Background: This article presents the results of two randomized, double-blind, controlled studies conducted to compare the efficacy and long-term safety of icodextrin and 2.5% dextrose for the once-daily long dwell in continuous ambulatory peritoneal dialysis (CAPD) and automated peritoneal dialysis (APD).
Methods: Both studies were active-control comparisons of 7.5% icodextrin and 2.5% dextrose for the once-daily long dwell. The efficacy study was a 4-week evaluation of net ultrafiltration and peritoneal clearances of creatinine and urea nitrogen in 175 CAPD patients. The 52-week study in CAPD and APD patients examined the long-term safety of icodextrin and longer term effects, such as body weight and quality of life.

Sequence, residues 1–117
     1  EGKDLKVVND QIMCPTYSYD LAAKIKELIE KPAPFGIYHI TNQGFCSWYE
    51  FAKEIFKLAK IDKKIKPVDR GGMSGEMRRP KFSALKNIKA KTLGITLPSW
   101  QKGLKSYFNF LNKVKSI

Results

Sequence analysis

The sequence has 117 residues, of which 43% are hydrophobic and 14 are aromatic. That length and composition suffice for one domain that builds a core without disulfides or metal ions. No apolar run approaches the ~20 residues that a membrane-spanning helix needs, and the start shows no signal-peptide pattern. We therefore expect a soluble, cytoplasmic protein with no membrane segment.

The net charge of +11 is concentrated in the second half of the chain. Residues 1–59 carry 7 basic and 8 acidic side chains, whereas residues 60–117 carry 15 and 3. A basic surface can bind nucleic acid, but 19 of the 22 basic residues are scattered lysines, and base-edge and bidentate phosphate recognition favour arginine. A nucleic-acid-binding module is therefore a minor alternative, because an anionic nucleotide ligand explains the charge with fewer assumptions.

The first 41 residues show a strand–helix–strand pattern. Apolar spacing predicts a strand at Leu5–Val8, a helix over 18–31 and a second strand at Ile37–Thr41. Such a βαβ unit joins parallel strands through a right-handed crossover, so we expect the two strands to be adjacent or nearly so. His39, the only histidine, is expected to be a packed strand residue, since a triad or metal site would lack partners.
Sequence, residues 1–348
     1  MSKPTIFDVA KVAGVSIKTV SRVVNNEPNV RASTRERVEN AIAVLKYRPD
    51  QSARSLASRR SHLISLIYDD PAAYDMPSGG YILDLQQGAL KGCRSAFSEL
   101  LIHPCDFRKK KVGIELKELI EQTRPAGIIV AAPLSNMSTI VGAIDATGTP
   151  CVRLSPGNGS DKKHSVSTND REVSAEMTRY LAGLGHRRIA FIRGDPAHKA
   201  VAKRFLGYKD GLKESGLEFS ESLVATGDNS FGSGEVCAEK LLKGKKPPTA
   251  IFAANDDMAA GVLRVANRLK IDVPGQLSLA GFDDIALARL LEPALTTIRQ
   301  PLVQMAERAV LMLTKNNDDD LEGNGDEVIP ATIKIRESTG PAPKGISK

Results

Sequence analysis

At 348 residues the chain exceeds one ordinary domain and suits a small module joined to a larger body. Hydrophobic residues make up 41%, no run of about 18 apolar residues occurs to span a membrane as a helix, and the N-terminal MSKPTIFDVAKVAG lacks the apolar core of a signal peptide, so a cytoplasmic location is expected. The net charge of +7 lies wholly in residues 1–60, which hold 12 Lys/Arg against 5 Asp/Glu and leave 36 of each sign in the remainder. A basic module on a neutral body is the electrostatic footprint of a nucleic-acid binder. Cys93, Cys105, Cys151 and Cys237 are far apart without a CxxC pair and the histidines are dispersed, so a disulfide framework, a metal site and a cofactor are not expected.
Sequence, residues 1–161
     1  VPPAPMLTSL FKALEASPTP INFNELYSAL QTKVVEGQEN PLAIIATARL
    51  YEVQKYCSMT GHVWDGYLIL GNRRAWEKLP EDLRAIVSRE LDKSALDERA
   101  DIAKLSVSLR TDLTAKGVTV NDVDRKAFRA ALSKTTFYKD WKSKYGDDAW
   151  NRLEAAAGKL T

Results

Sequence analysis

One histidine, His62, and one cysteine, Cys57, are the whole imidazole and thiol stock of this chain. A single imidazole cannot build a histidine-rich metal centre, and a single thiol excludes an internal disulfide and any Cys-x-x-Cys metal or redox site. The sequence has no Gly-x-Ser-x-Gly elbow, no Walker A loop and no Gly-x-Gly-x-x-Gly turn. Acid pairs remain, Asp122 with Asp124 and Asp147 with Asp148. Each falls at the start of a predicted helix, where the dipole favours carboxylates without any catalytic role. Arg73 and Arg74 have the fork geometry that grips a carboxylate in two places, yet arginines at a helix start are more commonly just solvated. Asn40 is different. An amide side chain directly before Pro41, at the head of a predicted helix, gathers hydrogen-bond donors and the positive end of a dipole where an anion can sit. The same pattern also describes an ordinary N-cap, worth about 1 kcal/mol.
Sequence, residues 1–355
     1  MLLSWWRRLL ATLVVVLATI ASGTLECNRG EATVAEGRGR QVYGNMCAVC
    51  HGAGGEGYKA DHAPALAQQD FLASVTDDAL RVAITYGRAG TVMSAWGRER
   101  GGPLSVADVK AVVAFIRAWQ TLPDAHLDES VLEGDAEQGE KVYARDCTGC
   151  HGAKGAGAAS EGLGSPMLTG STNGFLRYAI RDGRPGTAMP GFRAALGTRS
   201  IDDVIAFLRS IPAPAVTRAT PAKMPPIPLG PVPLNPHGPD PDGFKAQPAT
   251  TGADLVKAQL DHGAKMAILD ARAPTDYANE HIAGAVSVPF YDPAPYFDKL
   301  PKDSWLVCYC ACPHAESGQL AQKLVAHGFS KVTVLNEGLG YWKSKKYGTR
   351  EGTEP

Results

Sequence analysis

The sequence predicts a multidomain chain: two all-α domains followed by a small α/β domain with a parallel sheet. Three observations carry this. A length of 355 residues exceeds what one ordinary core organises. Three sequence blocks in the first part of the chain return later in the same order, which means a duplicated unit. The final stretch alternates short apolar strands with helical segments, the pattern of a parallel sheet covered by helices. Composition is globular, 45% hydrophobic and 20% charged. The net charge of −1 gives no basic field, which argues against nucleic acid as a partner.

Results: Mean net ultrafiltration (587.2 versus 346.2 mL, P < 0.001) and clearances of urea nitrogen (4.5 versus 4.1 mL/min, P < 0.001) and creatinine (4.0 versus 3.5 mL/min, P < 0.001) were increased significantly with icodextrin. Patients receiving icodextrin had no increase in weight after 52 weeks, in contrast to a weight gain of almost 2 kg in the dextrose group (P < 0.05). There were significantly fewer patients reporting edema in the icodextrin group compared with the dextrose group (6.3% versus 17.9%, P < 0.01). There were no statistically significant differences between groups for the incidence and severity of adverse events. There were small decreases in sodium and chloride and increases in alkaline phosphatase with icodextrin.
Conclusion: Icodextrin provides patients with greater fluid removal and small solute clearance, no weight gain over 52 weeks, and a decreased risk of edema.
Copyright 2002 by the National Kidney Foundation, Inc.